Work Long and Prosper
Let me see what you got
We can have a whoopin’ good time
—Bob Dylan
Two titans of the New Deal were Harry Hopkins and Henry
Morgenthau Jr. Hopkins was head of the Federal Emergency Relief
Administration and a close confidant of President Franklin D. Roosevelt.
Morgenthau was Roosevelt’s longtime friend and U.S. treasury secretary.
In History of Retirement, historian William Graebner relays the
minutes from a phone conversation between them. Hopkins was sick at
home. The two New Dealers were on the committee charged by Roosevelt
with designing Social Security, the landmark safety net for the elderly
signed into law in 1935. At one point their conversation turns to concerns
over the swelling numbers of old people in decades to come, relays
MORGENTHAU: Well, I’ve gotten a very good analysis of this
thing . . . I’m simply going to point out the danger spots
and it’s up to somebody else to say whether they want to
do it. I’m not trying to say what they should do—I want
to show them the bad curves.
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2 Unretirement
Hopkins: I wish I was going to be there.
Morgenthau: I wish you were too.
Hopkins: That old age thing is a bad curve.
I thought about the demographics of the “bad curve” while at the annual
meeting of the Gerontological Society of America in 2012. More than
thirty-six hundred researchers on old age from over thirty countries had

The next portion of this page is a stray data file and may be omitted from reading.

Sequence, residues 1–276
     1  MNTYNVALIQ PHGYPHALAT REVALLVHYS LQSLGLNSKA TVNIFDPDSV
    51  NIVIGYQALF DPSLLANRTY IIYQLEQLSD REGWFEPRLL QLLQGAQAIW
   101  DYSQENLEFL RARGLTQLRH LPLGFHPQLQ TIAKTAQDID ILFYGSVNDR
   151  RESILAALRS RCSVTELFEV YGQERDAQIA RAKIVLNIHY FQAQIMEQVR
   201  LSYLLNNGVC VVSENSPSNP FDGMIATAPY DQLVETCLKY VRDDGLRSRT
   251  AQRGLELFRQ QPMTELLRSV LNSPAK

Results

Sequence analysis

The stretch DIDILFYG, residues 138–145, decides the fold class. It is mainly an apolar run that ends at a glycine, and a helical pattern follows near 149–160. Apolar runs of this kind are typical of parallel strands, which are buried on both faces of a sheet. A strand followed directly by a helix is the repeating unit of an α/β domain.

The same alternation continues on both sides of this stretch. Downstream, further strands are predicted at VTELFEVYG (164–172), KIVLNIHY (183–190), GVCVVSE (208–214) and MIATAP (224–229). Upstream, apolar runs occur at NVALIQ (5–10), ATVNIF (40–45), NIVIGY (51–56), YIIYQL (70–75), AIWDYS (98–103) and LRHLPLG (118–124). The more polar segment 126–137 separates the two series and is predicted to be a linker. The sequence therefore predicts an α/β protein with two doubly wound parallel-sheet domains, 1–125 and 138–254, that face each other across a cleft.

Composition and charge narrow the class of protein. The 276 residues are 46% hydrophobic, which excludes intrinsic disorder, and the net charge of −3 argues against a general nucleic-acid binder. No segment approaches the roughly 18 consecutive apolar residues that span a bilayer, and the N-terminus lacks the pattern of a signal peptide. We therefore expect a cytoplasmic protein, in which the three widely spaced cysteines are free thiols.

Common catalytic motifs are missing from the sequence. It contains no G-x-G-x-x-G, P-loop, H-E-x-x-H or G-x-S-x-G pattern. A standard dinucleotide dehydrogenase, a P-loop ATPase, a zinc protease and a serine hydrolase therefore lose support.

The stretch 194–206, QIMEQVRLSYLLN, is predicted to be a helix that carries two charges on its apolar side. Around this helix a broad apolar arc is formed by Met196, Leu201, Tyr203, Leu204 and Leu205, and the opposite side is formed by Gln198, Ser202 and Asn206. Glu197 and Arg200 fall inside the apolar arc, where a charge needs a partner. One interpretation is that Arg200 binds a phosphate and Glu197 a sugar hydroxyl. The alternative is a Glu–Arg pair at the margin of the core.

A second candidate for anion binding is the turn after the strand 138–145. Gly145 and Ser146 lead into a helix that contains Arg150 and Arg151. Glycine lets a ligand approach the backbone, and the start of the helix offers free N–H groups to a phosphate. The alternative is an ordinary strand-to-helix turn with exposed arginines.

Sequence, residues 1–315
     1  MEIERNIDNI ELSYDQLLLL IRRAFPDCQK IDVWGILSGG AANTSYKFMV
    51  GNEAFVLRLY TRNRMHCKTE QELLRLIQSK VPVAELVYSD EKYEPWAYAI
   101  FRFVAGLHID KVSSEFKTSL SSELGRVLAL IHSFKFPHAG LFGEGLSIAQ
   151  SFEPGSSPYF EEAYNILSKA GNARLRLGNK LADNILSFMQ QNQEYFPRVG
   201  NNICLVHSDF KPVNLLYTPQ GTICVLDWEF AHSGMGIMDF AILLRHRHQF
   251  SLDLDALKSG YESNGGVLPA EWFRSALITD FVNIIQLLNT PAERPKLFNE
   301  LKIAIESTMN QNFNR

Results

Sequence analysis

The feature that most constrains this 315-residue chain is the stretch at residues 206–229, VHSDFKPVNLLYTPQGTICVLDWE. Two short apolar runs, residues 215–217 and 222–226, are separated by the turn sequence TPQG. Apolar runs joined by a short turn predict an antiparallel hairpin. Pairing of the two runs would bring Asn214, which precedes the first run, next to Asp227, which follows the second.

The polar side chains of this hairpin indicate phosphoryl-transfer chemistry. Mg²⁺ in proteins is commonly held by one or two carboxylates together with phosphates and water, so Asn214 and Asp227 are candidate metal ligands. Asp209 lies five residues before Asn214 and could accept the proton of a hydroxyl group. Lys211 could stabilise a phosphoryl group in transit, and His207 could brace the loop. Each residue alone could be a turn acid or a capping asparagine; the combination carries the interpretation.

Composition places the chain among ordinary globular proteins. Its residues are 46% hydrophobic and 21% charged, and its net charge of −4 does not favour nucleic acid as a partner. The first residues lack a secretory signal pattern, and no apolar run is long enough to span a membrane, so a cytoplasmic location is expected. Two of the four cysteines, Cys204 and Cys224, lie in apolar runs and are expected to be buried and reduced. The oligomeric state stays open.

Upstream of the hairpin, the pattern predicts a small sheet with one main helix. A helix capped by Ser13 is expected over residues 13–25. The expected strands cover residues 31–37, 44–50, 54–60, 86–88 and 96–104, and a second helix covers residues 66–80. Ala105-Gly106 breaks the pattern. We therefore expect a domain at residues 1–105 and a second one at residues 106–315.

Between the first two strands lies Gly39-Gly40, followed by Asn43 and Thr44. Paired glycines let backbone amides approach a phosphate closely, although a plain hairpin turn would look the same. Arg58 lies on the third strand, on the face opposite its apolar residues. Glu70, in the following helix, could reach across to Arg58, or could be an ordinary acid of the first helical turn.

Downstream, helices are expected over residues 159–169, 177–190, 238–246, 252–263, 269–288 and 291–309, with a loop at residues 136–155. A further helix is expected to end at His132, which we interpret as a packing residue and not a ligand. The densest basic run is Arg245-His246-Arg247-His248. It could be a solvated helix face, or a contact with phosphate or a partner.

gathered in San Diego to share their findings. I wandered in and out of
sessions and talked to participants during breaks. I sat in on talks titled
“Older Adult Functions: Risks, Impairments, and Interventions,”
“Managing Chronic Disease,” “Transportation and Mobility: Avoiding
Withdrawal and Isolation,” “Caring for Persons with Dementia,” and
“Adult Protection and Elder Abuse.”
Dementia. Loneliness. Abuse. Talk about a bad curve! After three days
of presentations I couldn’t stop replaying in my mind the Rolling Stones
lyric, “What a drag it is getting old.”
The Stones’ gloomy viewpoint is widely shared in America. Since
most of us are neither gerontologists nor demographers steeped in the
data of aging we can’t rattle off the numbers. But we know the message:
The U.S. population is getting older. Americans are living longer on aver-
age and we’re having fewer children. The leading edge of the baby boom
generation—approximately 76 million born between 1946 and 1964—is
filing for Social Security and Medicare benefits. According to Pew
Research, roughly ten thousand boomers are turning sixty-five every day,
a pace that will continue until 2030. The graying of America is a media
staple, usually accompanied by dire headlines like DEMOGRAPHIC CRISIS and
LOOMING CATASTROPHE. Academic scholars and think tank experts routinely
issue alarming reports highlighting a wide range of negative economic
and social effects from an aging America.
The numbers are striking. Demographers estimate that more than 20
percent of the U.S. population or nearly 81 million will be sixty-five and
over in 2030. That’s up from almost 42 million or 13 percent in 2012,
according to the Census Bureau. The projected sixty-five-plus population
in 2030 is almost equivalent to the current residents of New York,
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Work Long and Prosper 3
California, and Texas combined. Imagine the Golden State, the Empire
State, and the Lone Star State as nothing but giant retirement communi-